Delta now 'variant of concern,' CDC says

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The CDC is now classifying the delta COVID-19 variant, first detected in India, as a "variant of concern." The strain now accounts for nearly 10 percent of U.S. cases. 

"This change is based on mounting evidence that the delta variant spreads more easily and causes more severe cases when compared to other variants, including B.1.1.7 (alpha,)" the CDC said in a June 15 statement shared with Becker's. "Two doses of the mRNA vaccine are effective against this variant and other variants currently circulating in the United States." 

Research published June 14 in The Lancet found people infected with the delta variant have twice the risk of hospitalization compared to those infected with the alpha variant, which first emerged in the U.K. and is currently the dominant strain in the U.S.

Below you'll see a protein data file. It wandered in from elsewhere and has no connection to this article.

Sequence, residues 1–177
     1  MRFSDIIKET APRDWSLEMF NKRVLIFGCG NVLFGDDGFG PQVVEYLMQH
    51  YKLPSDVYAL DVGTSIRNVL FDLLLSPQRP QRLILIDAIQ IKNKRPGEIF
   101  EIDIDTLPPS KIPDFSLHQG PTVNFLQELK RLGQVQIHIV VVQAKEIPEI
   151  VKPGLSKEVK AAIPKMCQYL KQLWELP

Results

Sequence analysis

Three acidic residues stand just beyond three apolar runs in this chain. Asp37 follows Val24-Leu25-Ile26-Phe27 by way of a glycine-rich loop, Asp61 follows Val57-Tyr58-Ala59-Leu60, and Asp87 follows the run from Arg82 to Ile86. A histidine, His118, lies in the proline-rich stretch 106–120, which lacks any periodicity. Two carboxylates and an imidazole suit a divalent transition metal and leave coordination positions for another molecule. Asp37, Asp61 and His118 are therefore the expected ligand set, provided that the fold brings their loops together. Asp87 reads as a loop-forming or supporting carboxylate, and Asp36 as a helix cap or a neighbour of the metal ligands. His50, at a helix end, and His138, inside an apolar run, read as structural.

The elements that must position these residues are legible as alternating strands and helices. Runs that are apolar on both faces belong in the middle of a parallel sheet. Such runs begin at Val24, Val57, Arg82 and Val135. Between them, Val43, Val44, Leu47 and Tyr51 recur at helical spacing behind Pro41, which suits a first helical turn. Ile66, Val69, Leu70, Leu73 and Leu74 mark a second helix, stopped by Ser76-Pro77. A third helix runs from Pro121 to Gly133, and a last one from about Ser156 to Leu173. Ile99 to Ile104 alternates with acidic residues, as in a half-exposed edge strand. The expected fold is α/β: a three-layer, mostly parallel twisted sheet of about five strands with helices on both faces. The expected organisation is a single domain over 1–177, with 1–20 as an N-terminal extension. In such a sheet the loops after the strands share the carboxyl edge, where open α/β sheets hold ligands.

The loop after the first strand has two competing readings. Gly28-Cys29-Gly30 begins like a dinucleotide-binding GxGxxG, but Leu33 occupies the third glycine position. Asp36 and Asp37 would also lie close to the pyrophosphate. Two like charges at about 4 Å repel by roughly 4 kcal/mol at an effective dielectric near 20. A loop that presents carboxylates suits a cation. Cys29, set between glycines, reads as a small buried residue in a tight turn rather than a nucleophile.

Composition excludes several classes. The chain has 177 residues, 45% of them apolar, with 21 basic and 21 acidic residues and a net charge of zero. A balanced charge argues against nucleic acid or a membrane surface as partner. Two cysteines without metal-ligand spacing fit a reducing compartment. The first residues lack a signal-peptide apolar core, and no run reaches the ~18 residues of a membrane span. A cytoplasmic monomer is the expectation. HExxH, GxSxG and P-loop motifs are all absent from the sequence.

The delta variant may become the dominant U.S. strain by fall, Scott Gottlieb, MD, former FDA commissioner and who serves on Pfizer's board of directors, told CBS News.  

"It's doubling every two weeks," he said. "That doesn't mean that we're going to see a sharp uptick in infections, but it does mean that this is going to take over — and I think the risk is really to the fall that this could spike a new epidemic heading into the fall." 

Pfizer's and AstraZeneca's COVID-19 vaccines have both recently demonstrated effectiveness at reducing the risk of infection and hospitalization in people with the delta variant. Pfizer's vaccine was 96 percent effective at preventing hospitalization from the variant, and AstraZeneca's was 92 percent effective. 

The "variant of concern" designation is issued when there is evidence of increased transmissibility, more severe disease, or reduced effectiveness by treatments or vaccines, according to the CDC. 

 

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